The Issue at Hand

The Issue at Hand

Chapter 15: Mindfulness of Thoughts

The mind, hard to control.
Flighty-alighting where it wishes
One does well to tame.
The disciplined mind brings happiness.
The mind, hard to see.
Subtle-alighting where it wishes
The sage protects.
The watched mind brings happiness.- Dhammapada 35-36

Sometimes people think the point of meditation is to stop thinking – to have a silent mind. This does happen occasionally, but it is not necessarily the point of meditation. Thoughts are an important part of life, and mindfulness practice is not supposed to be a struggle against them. We can benefit more by being friends with our thoughts than by regarding them as unfortunate distractions. In mindfulness, we are not stopping thoughts as much as overcoming any preoccupation we have with them.

However, mindfulness is not thinking about things, either. It is a non-discursive observation of our life in all its aspects. In those moments when thinking predominates, mindfulness is the clear and silent awareness that we are thinking. A piece of advice I found helpful and relaxing was when someone said, “For the purpose of meditation, nothing is particularly worth thinking about.” Thoughts can come and go as they wish, and the meditator does not need to become involved with them. We are not interested in engaging in the content of our thoughts. Mindfulness of thinking is simply recognizing that we are thinking.

In meditation, when thoughts are subtle and in the back- ground, or when random thoughts pull us away from awareness of the present, all we have to do is resume mindfulness of breathing. However, when our preoccupation with thoughts is stronger than our ability to let go of them easily, then we direct mindful- ness to being clearly aware that thinking is occurring.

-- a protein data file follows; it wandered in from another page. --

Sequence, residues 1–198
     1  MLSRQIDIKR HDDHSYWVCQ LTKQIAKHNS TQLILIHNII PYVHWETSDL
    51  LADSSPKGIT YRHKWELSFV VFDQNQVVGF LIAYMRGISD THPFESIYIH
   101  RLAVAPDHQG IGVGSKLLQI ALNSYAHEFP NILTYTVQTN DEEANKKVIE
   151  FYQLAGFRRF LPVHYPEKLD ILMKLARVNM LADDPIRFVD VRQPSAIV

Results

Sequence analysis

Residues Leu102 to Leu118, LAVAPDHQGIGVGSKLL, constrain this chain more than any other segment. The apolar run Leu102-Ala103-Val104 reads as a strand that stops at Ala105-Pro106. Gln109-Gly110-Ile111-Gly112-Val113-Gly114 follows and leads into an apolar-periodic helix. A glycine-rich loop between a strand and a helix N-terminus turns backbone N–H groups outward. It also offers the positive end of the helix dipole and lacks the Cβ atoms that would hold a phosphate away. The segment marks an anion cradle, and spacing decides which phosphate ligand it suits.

Strong bouts of thinking are fueled largely by identification and preoccupation with thoughts. By clearly observing our thinking, we step outside the field of identification. Thinking will usually then soften to a calm and unobtrusive stream.

Sometimes thinking can be strong and compulsive even while we are aware of it. When this happens, one approach is to notice how such thinking affects the body, physically and energetically. It may cause pressure in the head, tension in the fore- head, tightness of the shoulders, or a buzzing as if the head were filled with thousands of bumblebees. Let your mindfulness feel the sensations of tightness, pressure, or whatever you discover. To be caught up in the story of these preoccupying thoughts is easy, but if you feel the physical sensation of thinking, then you are bringing attention to the present moment rather than the story line of the thoughts.

When a particular theme keeps reappearing in your thinking, most likely it is triggered by a strong emotion. In that case, no matter how many times you recognize a repeated thought-concern and come back to the breath, the concern is liable to keep reappearing if the associated emotion isn’t recognized. For example, people who plan a lot often find that planning thoughts arise out of apprehension. If the fear is not acknowledged, it will become a factory of new planning thoughts. So, if there is a repetitive thought pattern, see if you can discover an emotion associated with it, and then practice mindfulness of the emotion. Ground yourself in the present moment in the emotion itself. When you acknowledge the emotion, often the thoughts it engenders will cease.

Thoughts are a huge part of our lives. Many of us spend much time inhabiting the cognitive world of stories and ideas. Mindfulness practice won’t stop the thinking, but it will help pre- vent us from compulsively following thoughts that have appeared. And this in turn will help us become more balanced, so that our physical, emotional and cognitive sides all work together as a whole.